It’s race time! The run for the roses! Each year on the Tuesday prior to Halloween is the 17th Street High Heel Race with this year being the 26th running. The blocks of 17th Street NW between P and S Streets will be closed off at 6 pm with the race starting at 9 pm sharp. Of course, the real fun is the parade of costumes leading up to the race (check out last year’s photos).
The first event in 1986 drew a respectable crowd and has grown steadily over years. Recent races and pre-race festivities have brought tens of thousands of Washingtonians to 17th Street for the High Heel Race — last year’s crowd was estimated at 60,000. The event is sponsored by the Historic Dupont Circle Main Streets (HDCMS) program and JR’s Bar and Grill. JR’s was the creator of the annual event the year it opened in 1986.
Race Details. As for those heels, they must be at least 2 inches high or you will be ineligible to win. Registration will be in front of COBALT, 1639 R Street NW, starting at 6 pm.
VIP Passes. You can purchase a $40 VIP pass for the tented area at Church Street where the race ends. Proceeds help cover the cost of the event with the remainder of the funds going to HDCMS.
You Can’t Beat the Price!
In case you missed the official announcement, the Dunkin’ Donuts at 14th and U Streets NW is open! And according to DCist, they’re giving out free medium coffee to everyone who visits through October 30, so get it while you can.
Good News for Drivers!
Amidst some things that nobody likes about our local government, the District has finally moved to a system that allows you to pay for parking from your phone! Greater Greater Washington reveals that there are now apps that you can use on your smartphone to pay, using the posted sign to give you the important number that identifies your particular spot.
Good News for Immigrants!
And speaking of the government taking a stand, according to Washington City Paper, Mayor Gray signed an executive order saying that DC Police won’t share information about arrestees’ immigration status with Immigration and Customs Enforcement. WCP points out that the FBI could still forward information over, but it’s still something for immigrant rights.
As an HR guy, I write a good number of job ads, so I’ve done my research to know what I want to put up for applicants and what I would probably leave it. Here’s a moderately horrifying one about opportunities in the neighborhood, courtesy of that endless source of entertainment, Craigslist. In case the link is pulled down by the time you get to this, here’s the full text:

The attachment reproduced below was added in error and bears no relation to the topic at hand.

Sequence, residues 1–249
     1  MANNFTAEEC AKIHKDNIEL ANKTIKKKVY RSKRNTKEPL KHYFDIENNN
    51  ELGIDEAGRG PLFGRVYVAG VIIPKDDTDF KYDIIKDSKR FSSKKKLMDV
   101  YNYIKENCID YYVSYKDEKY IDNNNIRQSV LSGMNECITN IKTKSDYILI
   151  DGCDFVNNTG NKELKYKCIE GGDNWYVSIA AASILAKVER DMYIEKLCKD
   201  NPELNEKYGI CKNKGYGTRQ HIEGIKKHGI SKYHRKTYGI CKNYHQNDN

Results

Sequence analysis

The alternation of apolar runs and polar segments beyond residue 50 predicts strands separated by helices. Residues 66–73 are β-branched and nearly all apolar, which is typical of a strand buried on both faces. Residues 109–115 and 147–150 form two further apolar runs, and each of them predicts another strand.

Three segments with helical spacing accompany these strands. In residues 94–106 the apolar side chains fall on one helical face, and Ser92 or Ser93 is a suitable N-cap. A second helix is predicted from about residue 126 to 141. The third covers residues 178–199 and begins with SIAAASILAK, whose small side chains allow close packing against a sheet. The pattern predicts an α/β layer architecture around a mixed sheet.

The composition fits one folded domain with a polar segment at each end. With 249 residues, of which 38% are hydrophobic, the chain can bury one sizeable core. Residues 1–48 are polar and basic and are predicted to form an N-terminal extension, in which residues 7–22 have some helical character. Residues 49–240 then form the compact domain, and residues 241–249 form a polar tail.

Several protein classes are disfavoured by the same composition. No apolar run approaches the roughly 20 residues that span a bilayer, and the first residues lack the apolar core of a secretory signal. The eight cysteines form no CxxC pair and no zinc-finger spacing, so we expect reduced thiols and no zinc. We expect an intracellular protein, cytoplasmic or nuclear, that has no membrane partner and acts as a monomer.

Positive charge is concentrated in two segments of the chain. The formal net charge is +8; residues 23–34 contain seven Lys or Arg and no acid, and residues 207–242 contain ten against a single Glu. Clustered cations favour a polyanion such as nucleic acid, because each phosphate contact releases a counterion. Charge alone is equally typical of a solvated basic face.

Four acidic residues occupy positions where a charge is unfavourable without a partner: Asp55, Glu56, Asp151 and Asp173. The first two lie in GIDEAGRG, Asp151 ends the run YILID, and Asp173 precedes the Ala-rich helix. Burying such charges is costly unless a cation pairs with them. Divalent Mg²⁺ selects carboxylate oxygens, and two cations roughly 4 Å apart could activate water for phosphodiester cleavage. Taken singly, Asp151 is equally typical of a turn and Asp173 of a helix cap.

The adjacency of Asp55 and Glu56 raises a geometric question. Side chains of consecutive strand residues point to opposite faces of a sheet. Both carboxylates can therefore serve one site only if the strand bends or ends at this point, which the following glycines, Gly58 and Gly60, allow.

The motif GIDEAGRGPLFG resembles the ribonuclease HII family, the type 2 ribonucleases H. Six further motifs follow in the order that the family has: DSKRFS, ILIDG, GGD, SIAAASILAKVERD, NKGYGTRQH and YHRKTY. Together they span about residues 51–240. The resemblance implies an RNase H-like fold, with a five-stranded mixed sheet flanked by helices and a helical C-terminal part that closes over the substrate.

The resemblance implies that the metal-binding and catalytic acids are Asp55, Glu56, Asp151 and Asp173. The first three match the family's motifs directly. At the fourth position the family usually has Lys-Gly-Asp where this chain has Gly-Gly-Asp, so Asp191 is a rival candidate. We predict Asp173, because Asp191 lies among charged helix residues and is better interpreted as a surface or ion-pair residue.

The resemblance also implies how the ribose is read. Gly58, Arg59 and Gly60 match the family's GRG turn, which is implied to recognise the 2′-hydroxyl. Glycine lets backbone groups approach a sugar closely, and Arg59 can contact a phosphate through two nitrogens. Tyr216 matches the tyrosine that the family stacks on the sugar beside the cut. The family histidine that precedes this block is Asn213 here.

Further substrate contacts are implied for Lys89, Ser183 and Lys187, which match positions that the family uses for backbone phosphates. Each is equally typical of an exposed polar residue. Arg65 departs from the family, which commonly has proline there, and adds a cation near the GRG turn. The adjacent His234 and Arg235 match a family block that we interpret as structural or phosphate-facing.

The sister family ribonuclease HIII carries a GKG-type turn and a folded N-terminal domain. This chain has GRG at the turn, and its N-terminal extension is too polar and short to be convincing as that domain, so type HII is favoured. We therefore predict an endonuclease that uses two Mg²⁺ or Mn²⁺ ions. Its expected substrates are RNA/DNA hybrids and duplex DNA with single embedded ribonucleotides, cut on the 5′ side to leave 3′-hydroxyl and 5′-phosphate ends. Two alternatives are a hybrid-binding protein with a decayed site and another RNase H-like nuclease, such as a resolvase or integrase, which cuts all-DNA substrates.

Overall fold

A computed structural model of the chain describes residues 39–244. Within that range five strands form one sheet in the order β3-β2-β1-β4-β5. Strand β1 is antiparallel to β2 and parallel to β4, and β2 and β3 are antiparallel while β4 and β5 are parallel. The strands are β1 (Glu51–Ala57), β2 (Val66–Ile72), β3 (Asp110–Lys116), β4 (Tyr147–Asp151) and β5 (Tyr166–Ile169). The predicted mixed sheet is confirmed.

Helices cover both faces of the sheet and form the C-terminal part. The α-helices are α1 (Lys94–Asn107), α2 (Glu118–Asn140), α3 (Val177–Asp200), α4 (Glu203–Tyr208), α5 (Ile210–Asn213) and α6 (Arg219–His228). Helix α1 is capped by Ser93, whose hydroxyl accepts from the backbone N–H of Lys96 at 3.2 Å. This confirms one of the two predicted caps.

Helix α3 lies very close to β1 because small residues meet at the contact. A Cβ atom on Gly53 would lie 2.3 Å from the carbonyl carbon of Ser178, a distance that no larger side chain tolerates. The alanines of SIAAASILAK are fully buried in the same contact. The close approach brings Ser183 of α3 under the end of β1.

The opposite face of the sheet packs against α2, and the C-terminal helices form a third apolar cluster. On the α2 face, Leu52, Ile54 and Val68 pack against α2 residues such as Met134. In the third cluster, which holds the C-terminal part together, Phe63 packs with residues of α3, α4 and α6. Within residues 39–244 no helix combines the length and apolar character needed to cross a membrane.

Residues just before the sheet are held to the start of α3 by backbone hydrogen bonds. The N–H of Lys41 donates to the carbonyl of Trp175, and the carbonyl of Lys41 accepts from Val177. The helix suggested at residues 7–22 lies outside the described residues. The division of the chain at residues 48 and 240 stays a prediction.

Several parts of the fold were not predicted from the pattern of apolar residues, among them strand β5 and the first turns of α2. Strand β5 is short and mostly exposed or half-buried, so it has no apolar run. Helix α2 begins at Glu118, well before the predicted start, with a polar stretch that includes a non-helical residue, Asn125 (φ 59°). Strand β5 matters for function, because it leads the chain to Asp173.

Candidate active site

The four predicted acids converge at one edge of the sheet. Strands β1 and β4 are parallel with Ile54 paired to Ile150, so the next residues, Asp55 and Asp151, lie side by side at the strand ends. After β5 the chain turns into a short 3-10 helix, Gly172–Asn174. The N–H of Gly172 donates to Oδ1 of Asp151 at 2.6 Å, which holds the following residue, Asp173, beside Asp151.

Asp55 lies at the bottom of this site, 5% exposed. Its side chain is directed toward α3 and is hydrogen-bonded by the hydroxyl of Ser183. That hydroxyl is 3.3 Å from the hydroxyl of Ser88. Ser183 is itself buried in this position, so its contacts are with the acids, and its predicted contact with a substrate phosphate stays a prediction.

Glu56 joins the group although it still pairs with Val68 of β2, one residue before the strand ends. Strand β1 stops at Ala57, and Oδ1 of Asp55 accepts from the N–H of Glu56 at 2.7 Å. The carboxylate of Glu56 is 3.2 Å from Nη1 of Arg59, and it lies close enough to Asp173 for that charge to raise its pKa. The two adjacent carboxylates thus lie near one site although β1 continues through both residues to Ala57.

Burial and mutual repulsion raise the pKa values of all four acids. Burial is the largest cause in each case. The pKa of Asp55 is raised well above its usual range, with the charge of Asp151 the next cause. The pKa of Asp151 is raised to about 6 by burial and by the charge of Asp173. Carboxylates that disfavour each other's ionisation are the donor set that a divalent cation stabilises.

We are a bar on U Street seeking women of color to bartend in lingerie for our weekly swingers party. You do not need to be a swinger, but must be comfortable with the lifestyle. We currently have a great staff and are looking to add a couple more. On average, our women make 5-700 per 6 hour shift. If interested, email us a face picture, a body picture (nude/lingerie preferrable), a bartending resume, and a little about you. These parties take place on Friday and Saturday nights, so must be available from 9-3. Looking to hire ASAP for this week’s party.
Yes, we realize the photo above doesn’t quite match the description, but we felt it might help start your Monday off with a smile.
And please, leave a comment and let us know if you apply. The promised nightly compensation should get some takers in today’s economy.
Photos of the Day are pulled from the Borderstan Reader Photos pool on Flickr.
If you don’t already have a Flickr account, you will need to sign up for one, and then join the Borderstan Reader Photos group. Already a Flickr member? Join the group! You can submit up to five photos per day in the Borderstan reader pool. We are looking for photos from D.C.’s Dupont, Logan and U Street neighborhoods.
What: Benefit concert for Common Good City Farm. Common Good City Farm is an urban farm and education center, located in LeDroit park, growing food for low-income residents in DC and providing educational opportunities for all people that help increase food security, improve health, and contribute to environmental sustainability.